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Not far away from the Rigores, there are a couple of Hakuryūs that attracted many eyeballs.
Well, one of them at least.

Background cars by @Be_gone_thot and @Sky-High


Yahallo! My name is Haruno Hiroyuki. I am an ECU tuning specialist at Overkill Engineering, and my father is the legendary tuner Jun Hiroyuki. I heard this year’s AVCM is really big, so today I brought something really special.


Overkill Engineering SRB-01 Top Speed Trial Car
cue the cheesy story

You guys might remember the Yatabe speed trial craze back in the 90’s, and this car you see here, was the car that ended it. The year was '93 I think, and my father was a senior engineer at Hakuryū. He was quite interested in snatching a speed record, so he gathered many of his collegues and created Overkill Engineering. Since the 280BX was the highest end sports car Hakuryū makes back then, that’s what he has to work with. However, there was this unspoken rule in the Yatabe scene back then, which is that an engine swap from another car were not allowed, you have to work with the original engine. If you ignored that, you will be more or less considered “cheating”. While many other Japanese sports car engines from that era has amazing tuning capability, the BR30-TT from the 280BX was fragile and unreliable. Fortunately, my dad had a lot of internal connections in the company, and his team was given permission to use many development facilities and tools, including a wind tunnel, for his top speed project.

The team developed a full carbon body kit for the car that not only reduced the weight to under 1 ton, but also significantly reduced drag on the already slippery 280BX body and gave it the slantnose look. The open undertray of the car is also covered up with a full-cover venturi tunnel that makes the car far more stable at high speeds than its competitors. Compared to the “tuning cars” that this thing was up against, it is almost like a purpose-built prototype, but with the original chassis. About a year into the development, the car performed its record run. It could have gone faster, but a conrod blew on the second run. I actually kept a photo of the car during its run.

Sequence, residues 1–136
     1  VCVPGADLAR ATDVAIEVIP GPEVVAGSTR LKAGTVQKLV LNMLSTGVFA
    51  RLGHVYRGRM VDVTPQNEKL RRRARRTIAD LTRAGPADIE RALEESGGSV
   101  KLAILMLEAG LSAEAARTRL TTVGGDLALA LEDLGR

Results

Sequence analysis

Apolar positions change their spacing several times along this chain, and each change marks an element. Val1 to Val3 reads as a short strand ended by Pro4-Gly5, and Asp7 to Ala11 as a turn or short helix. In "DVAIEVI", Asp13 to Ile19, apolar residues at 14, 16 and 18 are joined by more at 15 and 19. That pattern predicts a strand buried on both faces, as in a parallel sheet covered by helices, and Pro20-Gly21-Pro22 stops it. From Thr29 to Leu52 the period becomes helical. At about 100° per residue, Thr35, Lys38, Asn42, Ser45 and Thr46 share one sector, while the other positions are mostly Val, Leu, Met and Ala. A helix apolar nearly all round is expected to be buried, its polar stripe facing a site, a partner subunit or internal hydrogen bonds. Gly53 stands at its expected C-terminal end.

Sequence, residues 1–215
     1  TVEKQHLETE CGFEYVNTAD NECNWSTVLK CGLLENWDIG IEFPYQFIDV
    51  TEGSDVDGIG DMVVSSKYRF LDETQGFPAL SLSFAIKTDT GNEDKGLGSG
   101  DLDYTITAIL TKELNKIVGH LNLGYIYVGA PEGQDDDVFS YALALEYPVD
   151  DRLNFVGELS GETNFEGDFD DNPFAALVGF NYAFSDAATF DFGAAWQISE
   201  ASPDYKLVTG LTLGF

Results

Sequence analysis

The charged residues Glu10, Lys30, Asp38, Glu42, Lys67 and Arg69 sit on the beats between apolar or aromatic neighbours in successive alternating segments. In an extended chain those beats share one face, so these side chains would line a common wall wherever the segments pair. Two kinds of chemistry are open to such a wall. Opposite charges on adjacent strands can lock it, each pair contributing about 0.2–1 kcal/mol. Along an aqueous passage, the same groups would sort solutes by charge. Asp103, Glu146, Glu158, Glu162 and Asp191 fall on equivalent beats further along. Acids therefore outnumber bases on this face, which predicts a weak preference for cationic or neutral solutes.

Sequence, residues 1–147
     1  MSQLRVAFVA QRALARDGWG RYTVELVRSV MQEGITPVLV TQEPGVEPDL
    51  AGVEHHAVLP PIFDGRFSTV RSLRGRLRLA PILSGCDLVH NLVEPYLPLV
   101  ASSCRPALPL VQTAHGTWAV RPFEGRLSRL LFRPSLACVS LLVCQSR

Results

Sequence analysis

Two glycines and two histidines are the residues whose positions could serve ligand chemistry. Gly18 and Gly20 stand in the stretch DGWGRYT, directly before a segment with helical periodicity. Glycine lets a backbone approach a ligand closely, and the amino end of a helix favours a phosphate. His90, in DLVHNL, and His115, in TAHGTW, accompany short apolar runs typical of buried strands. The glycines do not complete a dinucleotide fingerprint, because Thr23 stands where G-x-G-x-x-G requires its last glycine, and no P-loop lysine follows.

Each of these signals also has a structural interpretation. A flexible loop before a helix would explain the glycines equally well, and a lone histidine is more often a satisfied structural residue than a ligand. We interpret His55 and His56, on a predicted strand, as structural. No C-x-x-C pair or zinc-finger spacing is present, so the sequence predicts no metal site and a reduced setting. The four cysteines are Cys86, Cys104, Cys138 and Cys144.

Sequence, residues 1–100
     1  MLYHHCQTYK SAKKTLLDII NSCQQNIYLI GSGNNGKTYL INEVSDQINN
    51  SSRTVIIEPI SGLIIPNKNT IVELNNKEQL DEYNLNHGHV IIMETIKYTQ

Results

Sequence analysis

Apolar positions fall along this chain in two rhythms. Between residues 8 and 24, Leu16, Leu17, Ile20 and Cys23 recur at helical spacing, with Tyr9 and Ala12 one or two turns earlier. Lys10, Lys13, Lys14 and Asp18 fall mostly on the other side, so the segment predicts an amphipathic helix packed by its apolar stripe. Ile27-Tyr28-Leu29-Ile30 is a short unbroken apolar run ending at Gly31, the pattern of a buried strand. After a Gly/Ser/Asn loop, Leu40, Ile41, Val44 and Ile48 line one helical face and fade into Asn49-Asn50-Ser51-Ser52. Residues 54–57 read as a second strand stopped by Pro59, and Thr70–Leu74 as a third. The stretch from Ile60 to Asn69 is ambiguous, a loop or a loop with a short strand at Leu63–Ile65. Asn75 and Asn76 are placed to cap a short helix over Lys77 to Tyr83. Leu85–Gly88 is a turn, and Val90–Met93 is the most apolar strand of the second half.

takes out a picture from her pocket:

Still, it pretty much obliterated anything else at the time. Maybe it’s because how weird this thing looks, there were a lot of rumors about it. Some say that it has formula 1 turbos on it, some say it is actually a prototype with a shell that looked like a 280BX, some even say that my dad used his personal connections to get a group C engine for this thing. Nope. It still has that BR30 that only made around 600hp, compared to the opponents’ 800-900hp. After that there were many attempts at beating this thing. None of them succeeded, and they drove up the development cost so much that many groups turned their attention to circuit time attacks instead. Only very few groups are competing, and the Yatabe craze died soon after. Since then, Overkill slowly transitioned into a tuning company, and the SRB-01 has been sitting in our storage since then. You know that Hirochi Prasu GT that went on sale recently? We discovered that the R20BLM 3.8L flat 6 in it has a lot of tuning potential. To celebrate our company’s anniversary, we now have plans of swapping a highly tuned version of it into the old girl that you are seeing here. With the power output more than doubled, our computer simulation suggests that it is capable of more than 500km/h when it’s finished. As it is right now, it is not quite roadworthy yet, so I trailer-ed it here with my minivan instead. I dunno about you guys, but I’m super excited about seeing her going again at bonneville salt flats this year. Oh while you guys are here, why don’t you check out my new daily?


Haruna’s Hakuryū Ryuo 300 Executive
Automationverse people are actually anime girls

I used to daily a kei car, but sometimes I need to carry family members and clients around, so I bought this thing. Yeah… I know this is not really the kind of car for us petrolheads, but when you compare it to other cars, it’s a pretty good deal, and I also want to try some new things, you know? Even if you’re driving, this thing is insanely quiet and comfortable. Although the steering wheel feels like it’s connected to nothing, and the throttle response is non-exisistant, it’s quite easy to drive around despite its size, although parking with this thing is a real headache for me. I bought it not long ago, so it’s stock for now, but you can bet that I’ll give it some magic touch in the future.